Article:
Anime comedies, are absolutely willing to get self-referential, in some cases going full parody. Now, you can get a bad parody by shoving random jokes and references into the work because they can (the Seltzer & Friedberg films), or come from a place where you actively hate and dislike the genre they are satirizing, and in turn can end up creating works which are poor examples of that genre.

By comparison, the best parodies are those which are also good examples of the work in question, and such is the case with Ouran High School Host Club.

The show follows Haruhi Fujioka, a student at the titular high school, who ends up in debt to the host club after knocking over an incredibly expensive vase that the club was planning to auction to charity. To pay this debt, Haruhi is roped into being a host for the club – the catch being that Haruhi is a girl, with the club members not finding out about this until they are in the middle of turning her into a host.

The show itself ends up being something of a parody of modern shojo series aimed for fujoshi audiences, with each of the members of the club fitting into a particular BL archetype, something which the show itself calls attention to. One of the members of the supporting cast, Renge Houshakuji, effectively exists for the purpose of calling attention to genre conventions and archetypes, and in the process setting up jokes which builds on those archetypes.

This combination serves an excellent double purpose – the series works fairly well on its own as a shoujo romantic comedy, while also doing an excellent job of calling attention to these genre conventions and introducing them to audiences who might be unfamiliar to them. As an example, when Final Fantasy XV’s cast was revealed, and your party was shown to be free of female characters, there was a lot of backlash. However, as I was partway through Ouran at the time, and I was becoming familiar with the archetypes presented in the show, I was able to see similar archetypes in Final Fantasy XV, and in turn recognize pick up what the show was laying down – that while the party members were predominantly male, they were also designed to appeal to female players by playing into existing archetypes.

The humor in the show generally works. Haruhi, as someone who is unfamiliar with the genre conventions in play, and as she’s from a more average family and is attending Ouran High School – a super-elite private school – on a scholarship, becomes a double-outsider. She is in a position to call out the absurdities of shojo manga. Additionally, as with Hayate the Combat Butler, Haruhi is in the position of Hayate, as someone who is familiar with the everyday world and is a stranger to the rich and elite, and in turn can mock the other members of the host club for their sheltered upbringing and for “Exoctizing” the lives of people who are less well off than them.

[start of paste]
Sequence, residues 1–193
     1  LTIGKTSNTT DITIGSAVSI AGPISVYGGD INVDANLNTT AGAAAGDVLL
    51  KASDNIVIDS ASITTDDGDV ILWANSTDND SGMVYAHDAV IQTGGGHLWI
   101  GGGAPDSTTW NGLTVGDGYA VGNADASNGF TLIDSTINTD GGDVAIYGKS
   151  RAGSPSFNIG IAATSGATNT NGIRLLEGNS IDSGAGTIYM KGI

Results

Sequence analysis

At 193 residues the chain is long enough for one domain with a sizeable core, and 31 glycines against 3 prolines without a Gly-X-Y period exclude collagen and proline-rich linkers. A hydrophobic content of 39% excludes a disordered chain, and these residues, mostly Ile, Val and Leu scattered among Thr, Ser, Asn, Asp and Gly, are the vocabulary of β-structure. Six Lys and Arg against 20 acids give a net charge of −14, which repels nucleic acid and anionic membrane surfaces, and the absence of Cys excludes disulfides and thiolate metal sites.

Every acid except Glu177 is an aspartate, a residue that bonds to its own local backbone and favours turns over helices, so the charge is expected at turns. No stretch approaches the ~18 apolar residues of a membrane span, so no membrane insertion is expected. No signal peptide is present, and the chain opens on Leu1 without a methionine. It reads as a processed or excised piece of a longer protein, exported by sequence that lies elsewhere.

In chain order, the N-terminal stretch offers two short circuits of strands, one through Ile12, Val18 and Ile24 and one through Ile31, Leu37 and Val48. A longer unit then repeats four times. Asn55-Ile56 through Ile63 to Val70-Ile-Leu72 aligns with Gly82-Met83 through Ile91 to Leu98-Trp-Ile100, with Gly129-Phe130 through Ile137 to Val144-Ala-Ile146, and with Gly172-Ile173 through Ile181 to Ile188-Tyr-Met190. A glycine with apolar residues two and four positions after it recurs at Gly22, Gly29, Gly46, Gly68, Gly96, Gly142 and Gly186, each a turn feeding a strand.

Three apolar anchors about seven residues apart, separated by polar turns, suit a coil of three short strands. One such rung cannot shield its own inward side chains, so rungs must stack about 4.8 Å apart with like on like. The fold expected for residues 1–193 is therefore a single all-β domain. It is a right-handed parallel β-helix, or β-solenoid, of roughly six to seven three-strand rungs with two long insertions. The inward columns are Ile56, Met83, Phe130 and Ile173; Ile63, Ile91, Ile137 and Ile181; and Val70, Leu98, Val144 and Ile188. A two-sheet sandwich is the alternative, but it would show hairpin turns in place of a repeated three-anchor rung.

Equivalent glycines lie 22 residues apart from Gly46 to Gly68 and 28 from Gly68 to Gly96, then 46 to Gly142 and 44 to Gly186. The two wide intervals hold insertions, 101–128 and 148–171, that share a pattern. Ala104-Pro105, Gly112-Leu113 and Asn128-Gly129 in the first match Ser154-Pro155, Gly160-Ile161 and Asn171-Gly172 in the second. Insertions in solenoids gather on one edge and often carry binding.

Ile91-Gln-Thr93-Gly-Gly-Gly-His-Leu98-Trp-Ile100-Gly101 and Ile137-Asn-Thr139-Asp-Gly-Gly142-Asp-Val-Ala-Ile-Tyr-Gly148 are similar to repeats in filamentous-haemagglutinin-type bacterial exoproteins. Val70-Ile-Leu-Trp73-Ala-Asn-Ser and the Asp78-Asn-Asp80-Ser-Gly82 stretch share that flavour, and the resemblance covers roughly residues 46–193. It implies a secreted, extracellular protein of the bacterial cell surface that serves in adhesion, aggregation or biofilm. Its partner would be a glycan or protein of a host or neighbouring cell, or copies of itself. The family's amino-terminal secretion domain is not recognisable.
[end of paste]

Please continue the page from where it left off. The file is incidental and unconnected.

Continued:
The show is not without some very real issues. Haruhi’s father works in a Hostess bar where the hostesses are men who are dressed in drag, and this leads into a lot of transphobic material. Transphobic slurs are frequently thrown around Haruhi’s father (who does not identify as genderfluid), and one of his co-workers (who is less clear), and by members of the club (outside of Haruhi) in reference to those two characters. It really kills the mood in the scenes when these come up – especially in the personal context that I finished watching the series after having finished watching Moyashimon, which handles its transgender character much, much better.

Keeping that in mind, I did find the show incredibly funny outside of those moments where the show managed to spectacularly kill the mood, and I definitely get why the show built up such a significant fan following.

The series only received one season, which is available from Amazon & RightStuf on Blu-Ray (Amazon, RightStuf), and DVD (Amazon, RightStuf)

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